What Do The Different Cat Movements Mean?

Are you a self-proclaimed cat whisperer, or are you simply curious about what your feline friend is trying to tell you through their movements and gestures? Either way, we’ve got you covered. As experts in the field of understanding cat behavior, we’re here to help decode the mysterious language of our furry companions.

Cats are notorious for being subtle and nuanced in their communication, often requiring a keen eye to decipher their body language. But fear not, as we’ll guide you through every aspect of your cat’s movements – from ear and tail positions to body postures and facial expressions.

Through this blog post, you’ll learn how to differentiate between signs of happiness, relaxation, aggression, and even potential health issues that may manifest in your cat’s movements. Understanding these signals can help you provide better care for your pet while strengthening your bond with them.

So whether you’re a seasoned cat enthusiast or new to the world of feline companionship, join us on this exciting journey as we explore the different movements and gestures that make up the fascinating world of cat communication.

Tail Position

They use their body language to convey their emotions and needs, and one crucial aspect of this is tail position.

The first tail position we’ll discuss is the “happy tail.” When a cat holds its tail upright and still, it indicates that they are content and confident. It’s often seen when your cat is relaxing or approaching you for attention. However, if the tail starts to twitch, it may indicate that your cat is getting annoyed or agitated.

Cats also use a curved or bent tail to communicate. If the curve is towards the back, it usually means fear or anxiety. Your cat may feel threatened or uncomfortable in its surroundings. On the other hand, if the curve is towards the front, it suggests excitement or anticipation. When your cat sees you coming home from work, they may curve their tail towards the front to show their excitement.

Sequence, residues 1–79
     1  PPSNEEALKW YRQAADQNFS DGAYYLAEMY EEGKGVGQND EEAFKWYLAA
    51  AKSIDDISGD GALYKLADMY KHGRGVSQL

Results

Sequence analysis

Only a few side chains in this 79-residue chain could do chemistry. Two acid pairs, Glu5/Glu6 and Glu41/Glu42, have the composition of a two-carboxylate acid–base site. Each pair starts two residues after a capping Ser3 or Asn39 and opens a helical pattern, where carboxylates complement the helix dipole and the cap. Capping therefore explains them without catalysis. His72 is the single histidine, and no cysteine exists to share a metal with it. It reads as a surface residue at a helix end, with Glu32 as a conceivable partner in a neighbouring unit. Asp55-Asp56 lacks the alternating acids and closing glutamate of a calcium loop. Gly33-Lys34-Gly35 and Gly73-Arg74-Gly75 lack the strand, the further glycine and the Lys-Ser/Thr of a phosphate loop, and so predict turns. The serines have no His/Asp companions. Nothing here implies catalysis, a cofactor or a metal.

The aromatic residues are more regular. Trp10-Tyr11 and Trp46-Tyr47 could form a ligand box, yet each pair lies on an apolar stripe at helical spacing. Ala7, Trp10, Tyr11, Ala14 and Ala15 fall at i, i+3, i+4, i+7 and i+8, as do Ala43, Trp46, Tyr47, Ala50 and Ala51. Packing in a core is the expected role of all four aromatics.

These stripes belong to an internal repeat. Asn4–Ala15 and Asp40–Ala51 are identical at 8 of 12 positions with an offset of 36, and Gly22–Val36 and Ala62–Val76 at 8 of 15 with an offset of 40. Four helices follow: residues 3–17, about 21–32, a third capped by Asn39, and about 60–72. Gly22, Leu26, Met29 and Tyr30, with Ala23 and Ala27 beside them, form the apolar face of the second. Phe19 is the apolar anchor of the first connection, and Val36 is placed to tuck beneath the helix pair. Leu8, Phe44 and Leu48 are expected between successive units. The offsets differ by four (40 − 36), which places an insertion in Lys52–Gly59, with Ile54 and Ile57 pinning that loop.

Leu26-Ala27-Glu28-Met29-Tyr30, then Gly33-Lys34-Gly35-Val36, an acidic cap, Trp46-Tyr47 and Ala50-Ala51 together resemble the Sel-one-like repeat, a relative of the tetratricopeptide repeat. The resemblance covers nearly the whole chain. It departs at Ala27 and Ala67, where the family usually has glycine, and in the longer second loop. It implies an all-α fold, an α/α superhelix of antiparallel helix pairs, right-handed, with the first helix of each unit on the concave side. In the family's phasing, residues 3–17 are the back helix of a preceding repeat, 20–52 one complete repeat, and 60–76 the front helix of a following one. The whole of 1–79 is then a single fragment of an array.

A puffed-up tail is a sign that your cat is feeling threatened or scared. This position makes your cat appear larger than they are to intimidate their perceived threat. It can be accompanied by other signs of aggression such as hissing or growling.

Lastly, when your cat tucks their tail between their legs, it usually means that they are feeling anxious or submissive. This position indicates that your cat feels vulnerable and wants to avoid confrontation.

In addition to tail position, other ways cats communicate through body language include ear position and body posture. By paying attention to these signals, you can better understand your cat’s needs and emotions.

Ear Position

When a cat is feeling relaxed and comfortable, their ears will be in a natural position, pointed forward. This indicates that they feel safe and content in their surroundings. Conversely, if a cat feels threatened or anxious, their ears will be flattened against their head in a clear sign that they’re feeling scared or uncomfortable.

As curious creatures by nature, cats will move their ears towards the sound or object they’re observing if they’re interested or intrigued. For instance, when stalking prey or exploring new environments, cats may use their ears to gather information about their surroundings. However, if your cat’s ears are constantly twitching or moving rapidly, it could indicate that they’re agitated or nervous.

Another crucial aspect of ear position is the direction of the ear tips. If your cat’s ear tips are pointing upwards and slightly outwards, it’s a sign that they’re feeling confident and alert. But if the ear tips are pointed backwards or sideways, it could indicate that the cat is defensive or afraid.